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A Paradigm Shift in Architectural Art?

March 29, 2010
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I’m going to draw a parallel here between a paradigm shift which occurred in fine art  beginning in the 19th century and another which I believe is happening in architectural art today.  Both events were/are driven by the introduction of a new technology, and the technological event in the mid-1800s which revolutionized fine art was the development of the photograph.

Suddenly (okay it took a few decades but suddenly on a geological scale for sure) it no longer was worthwhile to spend your career figuring out how to paint photo-realistic images of the English landscape… because somebody like Ansel Adams was going to come along and blow you out of the water with a view camera and a darkroom.   Worse, capturing that perfect photograph became like going on safari…  photographers became obsessed with the work and willing to go to any lengths to acquire the perfect image.  Admittedly it is difficult to achieve photographs that equal the character and beauty of a Hudson River school piece by Thomas Cole, but it set the bar for achieving that level of art extraordinarily high.

Instead, the ability to “easily” photograph traditional scenes gave fine artists the freedom to move in new, different directions, in search of imagery that could not be photographed.  Almost immediately we seen the birth of impressionism, and over the next century we move through cubism to full abstract art.  Art constantly seeking new territory of expression where techniques could not be shortcut by camera and lens.

Architectural art is only now coming to face this same technological shift because architectural visualization was always about creating images of places that did not yet exist.  Instead of impressionism we see the art of Le Duc, Ferriss and Wright. A combination of realism and emotion.  In the past decade, however, we are seeing computer graphic representations of architecture reaching that same photographic level that sent fine art off in new directions.  The imagery is less and less “cartoon-like” and more representative.  And yet, it does not and will never contain all of the emotional content and subtlety possible through other media.  Its not that computer imagery should be discarded because it does not have the character and subtlety of a Frank Ll0yd Wright color pencil drawing, but at the same time we should not quickly discard the the ability of those art forms to present imagery which conveys a different emotional character of space.  Not all of our buildings need to look like they are going up on beaches in Dubai.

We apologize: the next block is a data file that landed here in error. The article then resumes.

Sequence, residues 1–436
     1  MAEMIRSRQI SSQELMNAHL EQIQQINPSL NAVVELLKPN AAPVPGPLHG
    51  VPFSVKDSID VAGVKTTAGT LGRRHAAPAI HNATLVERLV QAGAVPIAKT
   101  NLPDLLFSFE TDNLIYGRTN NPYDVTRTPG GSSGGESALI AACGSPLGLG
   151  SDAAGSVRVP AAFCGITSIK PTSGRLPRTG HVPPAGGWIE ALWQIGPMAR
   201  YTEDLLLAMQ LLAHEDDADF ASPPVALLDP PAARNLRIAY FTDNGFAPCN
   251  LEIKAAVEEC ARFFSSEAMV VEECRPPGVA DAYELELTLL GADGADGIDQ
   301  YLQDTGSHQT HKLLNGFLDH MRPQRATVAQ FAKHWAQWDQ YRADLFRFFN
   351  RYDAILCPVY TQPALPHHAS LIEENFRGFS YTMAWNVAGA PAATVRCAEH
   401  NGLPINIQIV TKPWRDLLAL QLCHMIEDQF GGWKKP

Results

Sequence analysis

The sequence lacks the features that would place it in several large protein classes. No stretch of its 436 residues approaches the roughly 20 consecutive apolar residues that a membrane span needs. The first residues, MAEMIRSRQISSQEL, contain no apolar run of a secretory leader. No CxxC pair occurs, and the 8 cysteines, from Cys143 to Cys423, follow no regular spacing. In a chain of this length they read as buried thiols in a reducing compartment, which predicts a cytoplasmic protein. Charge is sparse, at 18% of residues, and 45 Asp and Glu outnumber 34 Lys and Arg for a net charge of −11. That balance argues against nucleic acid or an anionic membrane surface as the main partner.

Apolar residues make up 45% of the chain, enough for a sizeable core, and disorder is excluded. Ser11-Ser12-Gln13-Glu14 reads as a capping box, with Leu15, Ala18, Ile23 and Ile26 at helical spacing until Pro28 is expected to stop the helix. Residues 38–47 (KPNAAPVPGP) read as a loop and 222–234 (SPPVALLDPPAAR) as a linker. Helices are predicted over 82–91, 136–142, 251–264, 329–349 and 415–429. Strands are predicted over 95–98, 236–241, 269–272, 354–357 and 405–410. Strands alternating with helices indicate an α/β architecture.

The question is how to combine the information best represented within the computational environment with techniques traditionally reserved to the fine art world?  Fortunately, technology is helping us out in this area as well.   Leggitt’s Drawing Shortcuts is an outstanding exploration of combinations of these worlds.   I have just begun to explore another cross-technology process using photo-engravure and SolarPlates to combine computer model imagery with hand-drawing into an intaglio printmaking process for presentation images.  My initial experiments are to take Sketchup models of building facades and export the shadows and lines separately as layers, just as I would do to create a Photoshop rendered image of the result.  But my media target is no longer the computer screen and a run to Kinko’s…  instead I can refine these layers a bit, recombine them, add hand drawn elements as desired, and expose that image onto the SolarPlate’s photosensitive resist.  The exposed plates are washed and printed using hand printing techniques and an etching press, hopefully achieving the character and richness of an aquatint or mezotint print with a reasonable level of effort – not a simple as simple as printing at Kinko’s but with a a totally different character and quality of result.  Initially my goal is to generate a series of black & white images to hold down the number of variables.  It is possible to add color into the process as well, that may occur in round two…!

I bought plates yesterday, am figuring out how to expose them and where to print.  Please return as I continue to blog the process as it develops.

– Brian –

from Dragonfly Cafe, Thurman Street, Portland Oregon


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